The peaks and valleys of our faith

03.12.2018 | The Maxwell Institute

We are living in an age of information. This veritable explosion has fundamentally changed how many people approach questions of faith. For some, this has been exhilarating, since it has provided enhanced access to an avalanche of information about LDS history and scripture. For many, though, it has proven to be destabilizing, disorienting, or even corrosive to faith. I suspect most everyone knows someone who has been troubled over what they’ve learned about our history or doctrine. Thankfully, we’ve not been left alone to fend for ourselves. I’m convinced that our modern predicaments of faith have their resolution the Restoration’s revelations. I’m struck in particular with Doctrine & Covenants 88:118, which rather straightforwardly addresses these very difficulties: “And as all have not faith, seek ye diligently and teach one another words of wisdom; yea, seek ye out of the best books words of wisdom; seek learning, even by study and also by faith.” It is worth noting that this revelation’s answer to doubt relates to community—to our membership in the body of Christ. Those words—“teach one another”—offer a vision that stands in stark contrast to the loneliness and alienation that too many feel when sorting through these questions. How tragic that some struggling Saints find what shreds of community they can anonymously, online, rather than in their flesh-and-blood ward or families. We can listen better, we can walk more compassionately with those who are earnestly seeking, and we can make our Church and family spaces safer for those who “have not faith.” We can be simultaneously more confident, candid, and studious in our approach to gospel study and more faithful, hopeful, and charitable, too. When we combine more rigorous and dedicated study with those classic Christian virtues, questions can spur us on to profound spiritual insight and experience. And we can do this, together.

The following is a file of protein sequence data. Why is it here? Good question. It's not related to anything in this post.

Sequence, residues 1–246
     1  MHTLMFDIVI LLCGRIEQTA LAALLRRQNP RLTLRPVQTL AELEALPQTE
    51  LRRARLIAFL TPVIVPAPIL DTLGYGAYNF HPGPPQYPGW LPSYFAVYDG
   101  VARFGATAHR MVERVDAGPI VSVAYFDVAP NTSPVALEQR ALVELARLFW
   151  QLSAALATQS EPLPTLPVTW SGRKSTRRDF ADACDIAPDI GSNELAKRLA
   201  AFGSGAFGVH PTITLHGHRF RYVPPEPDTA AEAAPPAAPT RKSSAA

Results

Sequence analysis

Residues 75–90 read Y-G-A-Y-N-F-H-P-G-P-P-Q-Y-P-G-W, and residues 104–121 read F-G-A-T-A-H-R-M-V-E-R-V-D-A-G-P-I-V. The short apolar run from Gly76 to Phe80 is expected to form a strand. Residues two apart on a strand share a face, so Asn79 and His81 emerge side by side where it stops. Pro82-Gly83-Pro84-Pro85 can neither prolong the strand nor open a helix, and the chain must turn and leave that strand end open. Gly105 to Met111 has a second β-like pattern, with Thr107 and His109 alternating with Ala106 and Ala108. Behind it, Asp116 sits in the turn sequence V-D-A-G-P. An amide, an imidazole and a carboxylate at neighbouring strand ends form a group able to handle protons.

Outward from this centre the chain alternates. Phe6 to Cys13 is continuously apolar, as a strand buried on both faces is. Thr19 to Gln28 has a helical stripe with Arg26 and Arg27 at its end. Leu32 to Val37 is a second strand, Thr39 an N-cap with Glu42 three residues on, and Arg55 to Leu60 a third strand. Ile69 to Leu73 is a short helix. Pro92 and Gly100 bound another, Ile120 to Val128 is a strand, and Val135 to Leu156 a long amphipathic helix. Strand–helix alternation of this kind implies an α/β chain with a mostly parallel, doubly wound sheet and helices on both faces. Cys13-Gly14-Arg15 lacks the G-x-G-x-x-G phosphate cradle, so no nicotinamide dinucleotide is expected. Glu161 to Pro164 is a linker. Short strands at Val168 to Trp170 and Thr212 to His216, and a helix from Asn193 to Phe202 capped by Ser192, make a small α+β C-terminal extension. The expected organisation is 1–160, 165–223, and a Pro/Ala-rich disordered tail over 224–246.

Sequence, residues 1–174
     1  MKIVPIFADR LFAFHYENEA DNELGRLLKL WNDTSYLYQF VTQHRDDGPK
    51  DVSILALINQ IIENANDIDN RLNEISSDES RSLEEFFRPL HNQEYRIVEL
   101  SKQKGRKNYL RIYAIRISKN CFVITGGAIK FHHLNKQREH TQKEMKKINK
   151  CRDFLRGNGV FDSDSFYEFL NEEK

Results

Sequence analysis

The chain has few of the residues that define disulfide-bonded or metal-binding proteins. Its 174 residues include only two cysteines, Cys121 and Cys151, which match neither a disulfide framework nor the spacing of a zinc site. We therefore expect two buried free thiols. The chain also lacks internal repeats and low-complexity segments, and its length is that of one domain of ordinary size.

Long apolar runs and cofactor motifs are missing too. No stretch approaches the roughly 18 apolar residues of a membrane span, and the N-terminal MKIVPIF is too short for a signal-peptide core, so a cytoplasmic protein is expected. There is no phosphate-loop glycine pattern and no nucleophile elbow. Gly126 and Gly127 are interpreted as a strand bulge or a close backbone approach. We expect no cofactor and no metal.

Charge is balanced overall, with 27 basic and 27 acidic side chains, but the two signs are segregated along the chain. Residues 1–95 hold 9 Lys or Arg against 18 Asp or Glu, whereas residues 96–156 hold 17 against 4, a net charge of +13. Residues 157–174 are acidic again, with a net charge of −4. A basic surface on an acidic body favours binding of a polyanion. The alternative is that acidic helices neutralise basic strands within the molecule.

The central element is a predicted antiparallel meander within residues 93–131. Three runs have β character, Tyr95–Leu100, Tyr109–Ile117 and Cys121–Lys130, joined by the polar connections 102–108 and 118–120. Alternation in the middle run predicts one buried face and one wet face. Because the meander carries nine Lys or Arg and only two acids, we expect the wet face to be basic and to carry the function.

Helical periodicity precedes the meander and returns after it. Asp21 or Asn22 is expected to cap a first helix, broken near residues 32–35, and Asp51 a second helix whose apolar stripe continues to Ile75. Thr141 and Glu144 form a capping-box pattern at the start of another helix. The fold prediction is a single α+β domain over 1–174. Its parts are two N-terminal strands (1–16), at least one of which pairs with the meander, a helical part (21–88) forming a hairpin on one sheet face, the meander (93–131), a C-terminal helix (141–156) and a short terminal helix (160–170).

This post is an excerpt from a fireside delivered by Institute executive director J. Spencer Fluhman in Lake Oswego, Oregon, on February 24, 2018. It was also included in the Institute’s March e-newsletter. Subscribe here